Should I Wake My Puppy Up to Pee at Night?

If you are a new pet parent, you may be wondering whether or not you should wake your puppy up to pee at night. This decision depends on a variety of factors, including your dog’s age, the type of training you are doing, and the health of your puppy.

Waking up a young puppy to take them outside for a potty break can be difficult, but it is essential for their health. Puppies that are less than four months old don’t have the bladder control needed to hold urine overnight, so it is important to take them out at least once a night for a bathroom break.

This is a great way to teach your puppy that they can go out on their own, and it also makes them less likely to soil their crate at night. It is important to keep your puppy subdued and to avoid any fun or play time while they’re out, but they should be able to relieve themselves before they return to their crate.

A puppy that is older than four months of age doesn’t have to be woken up at all, as they have enough bladder control to hold their urine for several hours. However, you should always check on your puppy during the night if they are ill or if they are having trouble settling down at night.

For puppies that are a few weeks to a few months old, waking them up for a nighttime potty break can help them become more familiar with their bathroom schedule and to understand that it is safe to use the bathroom outside. It is also a good idea to feed your puppy early and give them some water just before bedtime, which will help them get on a consistent schedule so that they can focus on sleeping instead of going to the bathroom all the time.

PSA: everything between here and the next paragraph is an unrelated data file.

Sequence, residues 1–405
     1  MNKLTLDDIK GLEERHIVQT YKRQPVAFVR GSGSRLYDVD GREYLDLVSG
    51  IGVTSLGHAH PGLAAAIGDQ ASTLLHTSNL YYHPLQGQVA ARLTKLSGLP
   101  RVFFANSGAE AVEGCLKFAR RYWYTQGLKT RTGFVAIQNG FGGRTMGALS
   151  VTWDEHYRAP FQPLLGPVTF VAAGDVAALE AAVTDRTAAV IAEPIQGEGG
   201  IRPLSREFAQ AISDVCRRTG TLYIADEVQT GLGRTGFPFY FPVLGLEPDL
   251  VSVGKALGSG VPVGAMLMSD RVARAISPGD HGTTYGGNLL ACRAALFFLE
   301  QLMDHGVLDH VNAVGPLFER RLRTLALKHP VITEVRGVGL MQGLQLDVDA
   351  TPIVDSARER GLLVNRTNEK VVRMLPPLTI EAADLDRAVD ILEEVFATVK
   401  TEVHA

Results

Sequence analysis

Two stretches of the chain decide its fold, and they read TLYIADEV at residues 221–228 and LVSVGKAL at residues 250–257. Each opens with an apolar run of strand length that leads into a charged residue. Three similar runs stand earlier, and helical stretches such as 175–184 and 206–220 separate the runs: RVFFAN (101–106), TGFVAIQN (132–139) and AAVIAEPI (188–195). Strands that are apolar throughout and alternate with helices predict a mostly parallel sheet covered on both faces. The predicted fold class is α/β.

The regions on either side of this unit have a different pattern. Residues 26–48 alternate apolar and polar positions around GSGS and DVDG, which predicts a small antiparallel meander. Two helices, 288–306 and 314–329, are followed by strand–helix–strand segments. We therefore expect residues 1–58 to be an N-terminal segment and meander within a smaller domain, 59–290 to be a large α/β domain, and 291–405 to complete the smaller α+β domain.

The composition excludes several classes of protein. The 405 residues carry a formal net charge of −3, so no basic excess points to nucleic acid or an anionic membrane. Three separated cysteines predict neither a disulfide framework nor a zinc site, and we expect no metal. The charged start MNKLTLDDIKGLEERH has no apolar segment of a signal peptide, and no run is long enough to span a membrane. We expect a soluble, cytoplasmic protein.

It is also important to note that it’s very common for puppies to have accidents during the night, but if you’re consistently waking your puppy up at the same times each night for their bathroom breaks, it should be no problem.

You can also train your puppy to not sleep through their potty trips by gradually moving all of the nighttime potty breaks ahead 30 minutes each time you wake them up. So if you have been waking your puppy up at 1:00, 3:00 and 5:00, for example, you’ll move those trips ahead by 30 minutes after three nights of success.

If you do this consistently for at least a few days, you should be able to drop all of the potty trips by 30 minutes until they are all gone. You should then move the last trip ahead by another 30 minutes until you have just one potty trip a night!

It is also a good idea to give your puppy a stuffed Kong to chew on or to lick before you put them to bed at night, as these are often calming behaviors that will help your puppy settle down and drift off to sleep. Lastly, don’t forget to let your pup out in the morning and evening before you leave for work or the day, as this will ensure that they have an opportunity to relieve themselves during the daytime as well.